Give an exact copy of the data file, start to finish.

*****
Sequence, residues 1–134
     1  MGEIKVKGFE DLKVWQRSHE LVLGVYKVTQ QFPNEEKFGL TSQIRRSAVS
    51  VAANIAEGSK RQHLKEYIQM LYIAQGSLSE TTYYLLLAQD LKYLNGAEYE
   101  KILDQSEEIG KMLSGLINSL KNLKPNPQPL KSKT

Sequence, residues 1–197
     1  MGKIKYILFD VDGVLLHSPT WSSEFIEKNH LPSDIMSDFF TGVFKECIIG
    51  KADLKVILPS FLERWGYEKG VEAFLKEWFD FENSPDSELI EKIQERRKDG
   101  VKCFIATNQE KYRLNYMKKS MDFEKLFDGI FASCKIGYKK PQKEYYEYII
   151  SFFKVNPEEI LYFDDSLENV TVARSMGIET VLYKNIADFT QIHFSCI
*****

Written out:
Sequence, residues 1–134
     1  MGEIKVKGFE DLKVWQRSHE LVLGVYKVTQ QFPNEEKFGL TSQIRRSAVS
    51  VAANIAEGSK RQHLKEYIQM LYIAQGSLSE TTYYLLLAQD LKYLNGAEYE
   101  KILDQSEEIG KMLSGLINSL KNLKPNPQPL KSKT

Sequence, residues 1–197
     1  MGKIKYILFD VDGVLLHSPT WSSEFIEKNH LPSDIMSDFF TGVFKECIIG
    51  KADLKVILPS FLERWGYEKG VEAFLKEWFD FENSPDSELI EKIQERRKDG
   101  VKCFIATNQE KYRLNYMKKS MDFEKLFDGI FASCKIGYKK PQKEYYEYII
   151  SFFKVNPEEI LYFDDSLENV TVARSMGIET VLYKNIADFT QIHFSCI